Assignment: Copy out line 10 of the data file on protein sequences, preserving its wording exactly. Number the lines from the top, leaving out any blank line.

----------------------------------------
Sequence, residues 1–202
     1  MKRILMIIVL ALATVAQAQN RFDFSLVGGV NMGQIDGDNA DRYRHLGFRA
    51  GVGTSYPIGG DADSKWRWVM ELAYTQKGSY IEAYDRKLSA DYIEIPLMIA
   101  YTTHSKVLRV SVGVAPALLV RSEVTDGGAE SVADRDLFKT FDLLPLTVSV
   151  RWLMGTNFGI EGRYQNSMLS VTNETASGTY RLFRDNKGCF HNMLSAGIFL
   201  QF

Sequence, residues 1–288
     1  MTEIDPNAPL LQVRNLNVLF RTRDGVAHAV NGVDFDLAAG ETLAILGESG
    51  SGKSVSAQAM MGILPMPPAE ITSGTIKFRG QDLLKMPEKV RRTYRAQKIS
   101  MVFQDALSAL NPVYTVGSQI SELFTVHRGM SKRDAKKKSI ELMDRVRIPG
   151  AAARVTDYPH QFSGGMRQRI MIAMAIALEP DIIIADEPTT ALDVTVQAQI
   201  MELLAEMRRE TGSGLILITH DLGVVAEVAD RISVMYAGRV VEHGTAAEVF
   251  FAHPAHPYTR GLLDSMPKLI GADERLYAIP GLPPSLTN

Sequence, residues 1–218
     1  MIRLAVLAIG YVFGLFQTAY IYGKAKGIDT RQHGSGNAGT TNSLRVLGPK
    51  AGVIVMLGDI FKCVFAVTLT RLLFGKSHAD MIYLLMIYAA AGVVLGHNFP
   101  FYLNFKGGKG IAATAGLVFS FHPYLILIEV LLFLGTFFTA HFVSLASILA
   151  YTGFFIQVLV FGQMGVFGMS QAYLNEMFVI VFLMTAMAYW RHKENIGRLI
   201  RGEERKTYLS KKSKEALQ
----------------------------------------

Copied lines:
   101  MVFQDALSAL NPVYTVGSQI SELFTVHRGM SKRDAKKKSI ELMDRVRIPG